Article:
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68 ations in gradient, road surface, speed-change frequency, and traffic volumes have on the running costs of passenger cars, pickup trucks, two-axle six-tire trucks, and tractor- trailer combinations are included in the final report, and information is provided on the operating expenditures of fuel and oil consumption, maintenance and depreciation, tire wear, and accidents. Condensed graphs of the findings of the fuel consumption and tire wear studies are pre- sented. Each is designed to provide fuel and tire wear cost for various combinations of road design elements and speed-change conditions for a given running speed. Also included are families of curves of fuel consumption and tire wear for the eleven test vehicles used in the study and data on the maintenance costs of passenger cars and trucks relative to travel distance, together with average oil consumption rates for operation on dust-free pave- ments in free-flowing traffic, on dustry roads, in free- flowing tragic, and on high-type pavements under restric- tive traffic conditions. Several appendices detail a com- parative analysis of fuel consumption of diesel and gasoline trucks, determination of the excess fuel consumed by passenger car passing maneuvers, an investigation of devices for the measurement of tire wear, development of equipment for the measurement of vehicle fuel con- sumption, and an annotated bibliography on highway motor vehicle operating costs. The final report for this project has been combined with those from Projects 2-5 and 2-7 and published as: NCHRP Report 111, "Running Costs of Motor Vehicles as Affected by Road Design and Tragic." Project 2-6 FY '63 and FY '64 Warranted Levels of Improvement for Local Rural Roads Research Agency: Principal Invest.: Elective Date: Completion Date: Funds: Stanford University Prof. C. H. Oglesby June 1, 1963 September 30, 1966 $40,000 This project was concerned with the setting of economic standards for the construction and maintenance of local rural roads. The research has been completed, and the results have been published as: NCHRP Report 63,"Eco- nomics of Design Standards for Low-Volume Rural Roads." Project 2-7 FY '64 and FY '65 Road User Costs in Urban Areas Research Agency: Principal Invest.: Elective Date: Completion Date: Funds: The purpose of this research was to provide data on road-user costs as classified by arterial type, operating speed, traffic composition, and delay factors. Basic tables applicable for planning and for selecting arterial street and highway systems from the various alternates in urban areas were developed. The final report contains information on fuel and time consumption rates of a passenger vehicle, two trucks, and a bus operating on various types of urban facilities under various levels of service. Some study was devoted to de- termining motor vehicle accident costs and oil and main- tenance costs which can be attributed to urban driving conditions. Tire wear data were collected for freeway and urban arterial comparisons. The results presented in the project report have been combined with the results of Projects 2-5 and 2-5A and published as: NCHRP Report 111, "Running Costs of . Motor Vehicles as Affected by Road Design and Traffic." Project 2-8 FY ,64 Estimation and Evaluation of Diverted and Generated (Induced) Traffic Research Agency: Principal Invest.: Elective Date: Completion Date: Funds: Northwestern University Prof. W. L. Garrison May 1, 1964 August 31, 1966 $40,000 Traffic volumes on new or improved highway facilities are found to increase more than can be attributed to normal growth of existing traffic. This extraordinary traffic increase is composed of two components, diverted and generated. In making analyses of highway improve- ment consequences, such diverted and generated traffic must be taken into account. At the present time, sufficient information is not available concerning characteristics of this type of traffic. The final report was not published in the NCHRP report series; however, microfiche of the report may be purchased (see final page of this section for ordering in- formation). Project 2-9 FY ,66 Effect of Highway Landscape Development on Nearby Property Research Agency: Principal Invest.: Elective Date: Completion Date: Funds: The Catholic University of America Dr. Paul J. Clayey February 1, 1964 May 31, 1966 $99,376 The Franklin Institute Joel N. Bloom November 8, 1965 January 31, 1968 $149,103 The intent of this research was to study how highway landscape development affects nearby property on a na- tionwide basis. This study determines the comparative effects of different basic types of landscape treatments in regard to property values, land use compatibility, and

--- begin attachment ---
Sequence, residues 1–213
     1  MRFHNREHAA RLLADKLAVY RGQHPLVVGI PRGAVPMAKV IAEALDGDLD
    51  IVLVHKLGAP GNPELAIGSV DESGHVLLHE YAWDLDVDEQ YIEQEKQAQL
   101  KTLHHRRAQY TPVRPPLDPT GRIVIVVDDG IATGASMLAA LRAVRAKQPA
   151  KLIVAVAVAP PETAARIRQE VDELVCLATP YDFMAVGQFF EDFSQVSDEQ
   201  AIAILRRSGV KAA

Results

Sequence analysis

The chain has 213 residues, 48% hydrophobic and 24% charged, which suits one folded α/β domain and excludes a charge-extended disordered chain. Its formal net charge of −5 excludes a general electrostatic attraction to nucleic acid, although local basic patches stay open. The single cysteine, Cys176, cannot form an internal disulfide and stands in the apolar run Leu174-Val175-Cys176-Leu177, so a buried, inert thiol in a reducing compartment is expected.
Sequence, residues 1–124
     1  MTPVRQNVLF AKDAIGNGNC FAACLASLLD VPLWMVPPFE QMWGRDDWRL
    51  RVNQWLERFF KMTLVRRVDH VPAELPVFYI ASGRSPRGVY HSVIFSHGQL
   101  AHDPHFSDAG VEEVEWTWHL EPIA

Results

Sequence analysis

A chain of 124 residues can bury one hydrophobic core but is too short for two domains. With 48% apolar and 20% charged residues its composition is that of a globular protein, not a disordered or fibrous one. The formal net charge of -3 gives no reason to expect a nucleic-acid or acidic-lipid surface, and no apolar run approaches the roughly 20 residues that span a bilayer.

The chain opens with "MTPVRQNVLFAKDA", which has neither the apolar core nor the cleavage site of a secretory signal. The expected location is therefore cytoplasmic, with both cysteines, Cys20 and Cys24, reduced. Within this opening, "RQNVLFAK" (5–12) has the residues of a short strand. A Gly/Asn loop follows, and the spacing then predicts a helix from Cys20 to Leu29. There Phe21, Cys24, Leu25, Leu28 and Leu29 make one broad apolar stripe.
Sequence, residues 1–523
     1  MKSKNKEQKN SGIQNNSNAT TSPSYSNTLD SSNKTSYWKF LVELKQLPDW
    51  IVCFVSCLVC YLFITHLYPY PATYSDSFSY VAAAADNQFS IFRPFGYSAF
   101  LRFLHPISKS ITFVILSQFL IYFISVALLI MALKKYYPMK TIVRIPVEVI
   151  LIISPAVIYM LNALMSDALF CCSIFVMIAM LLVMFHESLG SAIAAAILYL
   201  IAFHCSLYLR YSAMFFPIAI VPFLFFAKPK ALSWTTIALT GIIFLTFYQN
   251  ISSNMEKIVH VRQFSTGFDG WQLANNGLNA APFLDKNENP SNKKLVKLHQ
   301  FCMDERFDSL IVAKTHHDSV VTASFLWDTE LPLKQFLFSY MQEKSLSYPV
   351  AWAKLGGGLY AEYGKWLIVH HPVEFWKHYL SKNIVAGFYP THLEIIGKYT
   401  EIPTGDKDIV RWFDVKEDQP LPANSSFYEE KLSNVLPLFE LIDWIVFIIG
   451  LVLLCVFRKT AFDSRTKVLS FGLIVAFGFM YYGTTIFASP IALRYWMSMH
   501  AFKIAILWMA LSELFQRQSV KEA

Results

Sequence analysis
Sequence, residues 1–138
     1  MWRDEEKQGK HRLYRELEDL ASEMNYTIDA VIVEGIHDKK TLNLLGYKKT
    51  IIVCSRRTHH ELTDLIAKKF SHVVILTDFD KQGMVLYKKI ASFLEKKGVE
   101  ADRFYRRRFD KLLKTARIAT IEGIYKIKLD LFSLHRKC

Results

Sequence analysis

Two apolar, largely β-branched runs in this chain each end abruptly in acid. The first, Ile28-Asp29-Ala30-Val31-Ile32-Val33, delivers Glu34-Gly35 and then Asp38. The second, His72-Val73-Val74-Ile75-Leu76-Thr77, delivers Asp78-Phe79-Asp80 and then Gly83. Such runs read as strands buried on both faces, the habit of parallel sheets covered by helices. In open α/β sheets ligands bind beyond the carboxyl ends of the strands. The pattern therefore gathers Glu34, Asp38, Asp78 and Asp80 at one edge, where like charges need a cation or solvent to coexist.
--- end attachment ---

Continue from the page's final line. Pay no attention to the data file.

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general acceptability. Factors relative to the problem in- clude geometric design as well as plantings, fencing, slope blending, and screening applications. The report will assist highway engineers and landscape architects in developing designs that will reduce highway noise levels to an acceptable range for adjacent residents. The research results have been published as: NCHRP Report 75, "Effect of Highway Landscape Development on Nearby Property." Project 2-10 FY '67 Future Needs for Oversize-Overweight Permit Operation on State Highways Research Agency: Principal Invest.: Effective Date: Completion Date: Funds: Roy Jorgensen and Associates Ralph D. Johnson November 1, 1966 April 30, 1968 $99,655 The purpose of this study was to evaluate the extent of current and future activities of oversize-overweight vehicles in relation to the highway transport situation. The research results have been published as: NCHRP Report 80, "Oversize-Overweight Permit Operation on State Highways." Project 2-11 FY '67 Summary and Evaluation of Economic Con- sequences of Highway improvements Research Agency: Principal Invest.: Effective Date: Completion Date: Funds: Highway Research Board Robley Winfrey January 1, 1967 July 31, 1970 $110,000 This project reviewed the reports submitted on eco- nomics in NCHRP, as well as information from other sources, and prepared the results in a form that may be used directly by engineers, economists, and others who wish to make highway economic studies. The research was conducted in four phases: (a) to pre- sent the background and principles of engineering econ- omy and economic analysis; (b) to present the findings of Projects 2-1 to 2-9, together with supplementary data from other sources, in an organized form for use in benefit- cost studies and other economic analyses; (c) to identify gaps in the information available and needed research to fill these gaps; and (d) to make an introductory study of probable future trends in the technology of economic analysis. The project report has been published as: NCHRP Report 122, "Summary and Evaluation of Economic Con- sequences of Highway Improvements." Project 2-12 FY '73 and FY '77 Highway User Economic Analysis Research Agency: Principal Invest.: Effective Date: Completion Date: Funds: Stanford Research Institute D. G. Andersen Apr. 1, 1974 Oct. 11, 1976 Oct. 31, 1975 May 31, 1977 $90,074 $9,995 The 1960 AASHO "Informational Report by Com- mittee on Planning and Design Policies on Road User Benefit Analyses for Highway Improvements" (updated revision of the original 1952 report) was written to provide a simple, easy-to-use method for carrying out economic analyses on highway alternatives by those having only basic knowledge of principles of economics. The objective of this research was to employ, to the best possible extent, current empirical data on highway user benefits and costs (such as from NCHRP Report 122 and other research) to provide a revised and updated version of the 1960 AASHO publication. The revised version includes an analysis methodology based on sound economic theory and is suitable for immediate, direct application. The methodology provides a means of evaluating public transit operating on public highways. This evaluation allows comparisons between transit operation and additional highway improvements. Further, procedures are included that provide the user with a means for periodic updating of the numerical factors and cost coefficients through utilization of commonly available economic data. A1- though it was recognized that environmental and social factors are significant items of input to the decision-mak- ing process, this research was limited to road user benefits and costs only. The final report, "A Manual on User Benefit Analysis of Highway and Bus Transit Improvements," has been published by AASHTO and can be obtained by writing to: American Association of State Highway and Trans- portation Officials, 444 North Capitol St., N.W., Suite 225, Washington, D.C. 20001 Project 2-13 FY ,83 Multilane Design Alternatives for improving Suburban Highways Research Agency: Principal Invest.: Elective Date: Completion Date: Funds: Midwest Research Institute Douglas W. Harwood July 18, 1983 March 31, 1985 $100,000 The objective of this research was to investigate and compare the safety, operational, and cost characteristics of selected multilane design alternatives for use in sub- urban areas. Operational characteristics include capacity, level of service, and accessibility. Alternatives to be in- vestigated include: